When using DSA, a ‘mask image’ is required. A mask image is the first image from a angiographic sequence and is the area of interest just before the contrast is injected. The following exposures show the passage of the contrast medium throughout the body’s vessels. These images are known as a ‘live image’. The live images separately outlay a basic set of steps where corresponding pixels from the mask image are subtracted from each pixel within it (Okamoto, Ito, Sakai & Yoshimura, 2000). In the software we used previously, imageJ, this process can be done by opening files of a live image and a mask image. One of the options under ‘process’, is ‘image calculator’, there is an operation to ‘subtract’ one image from the other. Once these options have been selected, the result should be viewed in a new window.

Results and evidence of digital subtraction angiography techniques

  

Mask and live image source: Wood, D. T. (2016).

Figure 1. the above are results of ImageJ processing. From left to right; mask image, live image, resulting subtracted image, image after contrast adjustment

These are the results by employing computer technology. From what we can see in the third image, the subtraction process has removed the superimposing anatomy. This has also given a lowered contrast.

The reduced contrast is due to values of the pixels in the mask image corresponding to the pixels of the contrast filled vessel in the live image were subtracted from each other. This effectively lightening the appearance of the vessel.

     

Source: Wood, D. T. (2016).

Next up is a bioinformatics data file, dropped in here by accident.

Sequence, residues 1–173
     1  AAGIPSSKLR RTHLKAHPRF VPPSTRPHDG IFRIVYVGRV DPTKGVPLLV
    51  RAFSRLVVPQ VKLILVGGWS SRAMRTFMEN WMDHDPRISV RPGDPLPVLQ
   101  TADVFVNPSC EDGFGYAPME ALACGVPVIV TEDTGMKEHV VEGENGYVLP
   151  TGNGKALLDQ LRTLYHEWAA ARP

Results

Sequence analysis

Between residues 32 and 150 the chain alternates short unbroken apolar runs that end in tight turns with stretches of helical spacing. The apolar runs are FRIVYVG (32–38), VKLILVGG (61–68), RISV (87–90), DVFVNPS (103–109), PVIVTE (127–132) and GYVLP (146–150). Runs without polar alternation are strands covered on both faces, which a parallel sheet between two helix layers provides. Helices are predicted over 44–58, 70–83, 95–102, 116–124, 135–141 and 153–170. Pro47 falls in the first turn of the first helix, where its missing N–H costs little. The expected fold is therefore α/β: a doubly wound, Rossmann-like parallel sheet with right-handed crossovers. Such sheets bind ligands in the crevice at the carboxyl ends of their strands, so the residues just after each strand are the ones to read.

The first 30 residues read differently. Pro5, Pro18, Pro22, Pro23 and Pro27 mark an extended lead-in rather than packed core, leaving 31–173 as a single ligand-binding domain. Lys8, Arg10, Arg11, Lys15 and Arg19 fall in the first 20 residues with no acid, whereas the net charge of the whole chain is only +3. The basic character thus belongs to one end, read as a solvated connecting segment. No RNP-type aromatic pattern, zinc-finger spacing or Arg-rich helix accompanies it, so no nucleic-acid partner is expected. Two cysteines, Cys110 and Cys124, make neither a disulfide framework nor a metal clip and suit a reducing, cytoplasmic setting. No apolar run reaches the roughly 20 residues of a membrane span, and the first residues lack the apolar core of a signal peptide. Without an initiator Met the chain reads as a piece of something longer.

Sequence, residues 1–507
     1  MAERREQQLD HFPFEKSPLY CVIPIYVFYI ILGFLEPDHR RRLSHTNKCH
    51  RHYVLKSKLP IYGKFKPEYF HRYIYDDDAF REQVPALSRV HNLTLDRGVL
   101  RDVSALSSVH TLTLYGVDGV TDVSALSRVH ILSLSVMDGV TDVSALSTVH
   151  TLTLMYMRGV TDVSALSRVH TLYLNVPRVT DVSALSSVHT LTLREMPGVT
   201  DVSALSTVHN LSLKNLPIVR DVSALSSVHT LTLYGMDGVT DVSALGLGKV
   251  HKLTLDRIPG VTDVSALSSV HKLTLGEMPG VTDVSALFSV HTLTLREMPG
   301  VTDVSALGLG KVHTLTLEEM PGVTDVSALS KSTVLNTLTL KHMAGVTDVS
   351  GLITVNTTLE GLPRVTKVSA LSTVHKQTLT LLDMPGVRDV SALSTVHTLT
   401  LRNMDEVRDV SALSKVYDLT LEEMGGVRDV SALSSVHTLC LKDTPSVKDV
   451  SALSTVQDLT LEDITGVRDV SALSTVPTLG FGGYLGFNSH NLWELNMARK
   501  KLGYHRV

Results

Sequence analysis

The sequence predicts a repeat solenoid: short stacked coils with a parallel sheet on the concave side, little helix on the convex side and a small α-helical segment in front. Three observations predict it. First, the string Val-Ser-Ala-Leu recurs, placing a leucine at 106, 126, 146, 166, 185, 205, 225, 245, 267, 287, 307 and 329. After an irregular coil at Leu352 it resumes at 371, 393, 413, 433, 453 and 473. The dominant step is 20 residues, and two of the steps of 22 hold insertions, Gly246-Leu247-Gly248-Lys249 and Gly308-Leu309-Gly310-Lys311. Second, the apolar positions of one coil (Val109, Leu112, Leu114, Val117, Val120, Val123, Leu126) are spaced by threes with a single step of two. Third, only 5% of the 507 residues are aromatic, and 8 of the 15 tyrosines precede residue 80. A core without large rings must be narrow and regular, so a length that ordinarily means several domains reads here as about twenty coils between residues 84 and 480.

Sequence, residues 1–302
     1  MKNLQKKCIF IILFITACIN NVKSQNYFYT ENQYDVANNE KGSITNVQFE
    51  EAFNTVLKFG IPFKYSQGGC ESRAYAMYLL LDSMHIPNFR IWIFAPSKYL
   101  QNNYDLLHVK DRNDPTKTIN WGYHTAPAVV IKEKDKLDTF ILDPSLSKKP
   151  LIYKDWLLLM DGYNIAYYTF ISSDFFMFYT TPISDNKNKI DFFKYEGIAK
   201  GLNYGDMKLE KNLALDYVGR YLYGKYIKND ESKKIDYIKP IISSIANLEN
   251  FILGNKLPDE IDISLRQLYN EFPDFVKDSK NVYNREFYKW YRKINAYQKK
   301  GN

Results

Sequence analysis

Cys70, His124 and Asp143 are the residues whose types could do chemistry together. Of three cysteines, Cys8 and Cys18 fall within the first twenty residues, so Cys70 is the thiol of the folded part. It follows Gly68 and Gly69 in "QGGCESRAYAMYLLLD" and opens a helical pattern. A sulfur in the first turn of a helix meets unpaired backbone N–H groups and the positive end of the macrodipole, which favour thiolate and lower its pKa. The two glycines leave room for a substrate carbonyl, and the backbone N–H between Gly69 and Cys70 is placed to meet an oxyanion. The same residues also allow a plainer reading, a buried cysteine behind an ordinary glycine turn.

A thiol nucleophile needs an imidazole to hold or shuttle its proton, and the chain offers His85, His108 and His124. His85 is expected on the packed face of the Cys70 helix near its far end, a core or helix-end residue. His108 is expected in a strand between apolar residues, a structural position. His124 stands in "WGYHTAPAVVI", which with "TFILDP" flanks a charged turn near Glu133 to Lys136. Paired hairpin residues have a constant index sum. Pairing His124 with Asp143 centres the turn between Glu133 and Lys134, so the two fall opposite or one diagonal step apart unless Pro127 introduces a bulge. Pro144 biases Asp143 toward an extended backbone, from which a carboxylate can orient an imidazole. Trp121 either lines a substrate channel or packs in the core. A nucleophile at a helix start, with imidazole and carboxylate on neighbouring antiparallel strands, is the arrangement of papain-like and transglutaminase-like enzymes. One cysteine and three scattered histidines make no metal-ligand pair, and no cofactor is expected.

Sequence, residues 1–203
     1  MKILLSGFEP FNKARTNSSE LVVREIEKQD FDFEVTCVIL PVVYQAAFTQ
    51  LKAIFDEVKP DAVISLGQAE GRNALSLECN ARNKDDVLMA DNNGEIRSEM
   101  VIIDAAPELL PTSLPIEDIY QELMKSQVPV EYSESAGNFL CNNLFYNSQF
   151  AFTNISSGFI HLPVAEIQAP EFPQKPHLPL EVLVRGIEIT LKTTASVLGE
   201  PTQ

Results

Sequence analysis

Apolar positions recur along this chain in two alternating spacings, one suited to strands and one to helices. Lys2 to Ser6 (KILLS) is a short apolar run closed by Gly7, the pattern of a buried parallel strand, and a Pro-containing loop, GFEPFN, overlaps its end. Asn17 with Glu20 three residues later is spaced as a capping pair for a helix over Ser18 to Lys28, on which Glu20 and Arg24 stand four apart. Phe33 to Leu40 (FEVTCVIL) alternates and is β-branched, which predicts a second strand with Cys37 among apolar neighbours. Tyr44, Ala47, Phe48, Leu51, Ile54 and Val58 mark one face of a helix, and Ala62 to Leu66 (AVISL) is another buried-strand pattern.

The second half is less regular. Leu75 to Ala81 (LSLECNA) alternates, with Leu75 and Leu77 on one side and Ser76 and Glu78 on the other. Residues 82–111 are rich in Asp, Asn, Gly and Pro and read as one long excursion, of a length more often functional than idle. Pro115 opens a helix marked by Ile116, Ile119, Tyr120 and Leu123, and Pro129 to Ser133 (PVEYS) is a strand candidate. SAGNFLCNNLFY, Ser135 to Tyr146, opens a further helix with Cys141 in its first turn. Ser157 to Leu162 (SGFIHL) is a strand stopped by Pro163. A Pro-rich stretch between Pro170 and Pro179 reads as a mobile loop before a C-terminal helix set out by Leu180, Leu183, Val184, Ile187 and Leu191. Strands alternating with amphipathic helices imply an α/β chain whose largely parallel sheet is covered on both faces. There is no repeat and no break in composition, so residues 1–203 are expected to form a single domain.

Figure 2. From top left going clock wise is; mask image, live image, subtracted image and image after contrast enhancement

As we can see from figure 2, this method is very effective in visualising and locating structures with low subject contrast. In the original image, the vessel is very difficult to differentiate. After mask subtraction, the image effectively shows the structures that were initially superimposed. We can see demonstrated in the examples that there is increased noise output in the images post subtraction. This is due to the noise being randomly distributed throughout the mask and live images respectively, and therefore is passed on from both original images and into the secondary outputs images. Even though there is noise present, they can still be utilised and deemed diagnostic, ‘the small differences between the two images original images, pre and post contrast, are very noticeable and the small contrast-laden vessels are easily seen’ (Dougherty, G. (2009). Motion artefact is seen in both, in the form of white streaking. This is due to the live and maks images not exactly registering, pixel motion artefact correction can be applied in this situation.